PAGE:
One of the UK’s most important oil pipelines is being closed after a crack was discovered in Aberdeenshire.The Forties pipeline carries crude North Sea oil across land for processing at Grangemouth.The crack was discovered last week at Red Moss near Netherley.The pipeline’s owner Ineos said on Monday that, despite pressure being reduced, the crack had extended. The Forties pipeline carries about 40% of North Sea crude oil.More than 80 platforms will have to shut down production. Ineos said there would be a big impact on the industry but not on consumers.The pipeline could be shut down for about three weeks.’Suitable repair method’Ineos said in a statement: “Last week during a routine inspection Ineos contractors discovered a small hairline crack in the pipe at Red Moss near Netherley.”A repair and oil spill response team was mobilised on Wednesday, after a very small amount of oil seepage was reported.”Measures to contain the seepage were put in place, no oil has been detected entering the environment and the pipe has been continuously monitored.”The company added: “A 300m cordon was set-up and a small number of local residents were placed in temporary accommodation as precautionary measure. The pipeline pressure was reduced while a full assessment of the situation was made.”The incident management team has now decided that a controlled shutdown of the pipeline is the safest way to proceed.”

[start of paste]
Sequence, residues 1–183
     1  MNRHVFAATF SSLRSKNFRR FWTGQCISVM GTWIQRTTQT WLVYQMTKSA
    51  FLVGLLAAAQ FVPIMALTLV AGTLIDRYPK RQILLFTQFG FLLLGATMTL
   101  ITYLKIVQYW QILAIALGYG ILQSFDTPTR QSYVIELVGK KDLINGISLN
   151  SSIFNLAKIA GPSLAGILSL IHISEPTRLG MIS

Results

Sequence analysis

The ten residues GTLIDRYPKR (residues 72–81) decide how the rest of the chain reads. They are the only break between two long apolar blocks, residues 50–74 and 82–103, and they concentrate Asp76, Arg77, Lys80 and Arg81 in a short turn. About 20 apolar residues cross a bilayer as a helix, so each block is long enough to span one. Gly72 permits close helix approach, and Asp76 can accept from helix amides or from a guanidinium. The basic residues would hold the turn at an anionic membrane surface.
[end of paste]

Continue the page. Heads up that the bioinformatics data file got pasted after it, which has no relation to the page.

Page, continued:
Ineos said the shutdown would “allow for a suitable repair method to be worked up based on the latest inspection data, while reducing the risk of injury to staff and the environment”.Deirdre Michie, chief executive of Oil & Gas UK, said: “We have been in touch with Ineos and are closely monitoring the situation and hope this can be resolved safely and as quickly as possible.”In oil markets, Brent crude prices were up nearly 2% at 64.57 per barrel, amid news that the pipeline would be shut down.Energy consultancy Wood Mackenzie warned that even a temporary shutdown of the Forties Pipeline System (FPS) pipeline would have “wide-reaching implications” for the UK oil and gas industry.Senior analyst Fiona Legate said: “FPS transports liquids from over 80 fields, including the two largest producers in the UK – Buzzard and Forties. “Companies with fields utilising the FPS export route will suffer from reduced cash-flows during the shutdown period.”The FPS system runs from the unmanned offshore Forties Unity platform to the onshore terminal at Cruden Bay in Aberdeenshire.From there an onshore pipeline transports oil 130 miles south to the Kinneil terminal, next to Ineos’ Grangemouth refinery and chemical plant, where it is processed and stabilised.
Source: BBC News